In the Nazi imagination, the free market is synonymous with perfidious Jewish merchants. Thus, it must be brought under the control of a “pure” Aryan superstate.
A few concrete economic policies may be found in the now-defunct neo-Nazi group Aryan Nations’ “Platform for the Aryan National State,” which calls on future fuehrers to (quoting their words):
- [E]liminate the current practice of damaging and poisoning life and environment.
- Provide honest aid to farmers and other business people, and shall restore to all citizens rightful land ownership.
- Make the necessary provisions for the aged, who have been impoverished by fraud (inflation).
- Confiscate all unearned wealth, stolen by fraud or usury and that which is gain from war.
- Nationalize all monopolies and multi-national interest[s].
- Immediately bring about land reform and completely prohibit land speculation and ownership of land and industry by racial aliens.
All of this echoed the original 25 Point Program of the Nazi Party. The 1920 document called for the “abolition of unearned (work and labour) incomes,” “the total confiscation of all war profits,” “the nationalization of all (previous) associated industries (trusts),” “a division of profits of all heavy industries,” “an expansion on a large scale of old age welfare,” enabling “every capable and industrious German to obtain higher education,” “land reform,” and the death penalty for usurers.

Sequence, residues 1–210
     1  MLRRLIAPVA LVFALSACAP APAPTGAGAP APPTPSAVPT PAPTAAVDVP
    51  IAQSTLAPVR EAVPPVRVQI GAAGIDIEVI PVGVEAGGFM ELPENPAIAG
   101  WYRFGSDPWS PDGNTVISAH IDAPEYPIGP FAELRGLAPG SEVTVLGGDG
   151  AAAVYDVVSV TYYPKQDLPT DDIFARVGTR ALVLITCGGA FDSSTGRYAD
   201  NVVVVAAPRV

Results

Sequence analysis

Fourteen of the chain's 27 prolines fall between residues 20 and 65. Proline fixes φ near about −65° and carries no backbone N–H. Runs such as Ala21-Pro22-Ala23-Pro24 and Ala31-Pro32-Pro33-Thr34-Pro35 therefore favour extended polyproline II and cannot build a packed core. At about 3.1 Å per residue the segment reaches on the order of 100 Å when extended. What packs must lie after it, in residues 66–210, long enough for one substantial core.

“We demand the formation of a strong central power in the Reich,” it concluded.
In Nazi Germany, the state did not confiscate the means of production but instead had the government direct and control the production and distribution of industries, which remained in private hands. Princeton economist Otto Nathan, a friend of Albert Einstein, described Nazi Germany as a “highly planned economy,” in which “a comprehensive planning mechanism was imposed,” so that “no institution … remained unaffected.”
Once the individual is denied economic resources, the advancing State inevitably encroaches upon other rights and ultimately, the right to life itself. Adolf Hitler outlined his vision in 1937, saying, “The main plank in the National Socialist program is to abolish the liberalistic concept of the individual and the Marxist concept of humanity, and to substitute therefore the folk community, rooted in the soil and bound together by the bond of its common blood.”
Seeing the gathering threat, Ludwig von Mises became an outspoken critic of racial collectivism before fleeing the Nazis. He dedicated a chapter of Human Action to rejecting race-based philosophy (“racial polylogism”) alongside Marxist dialectical materialism.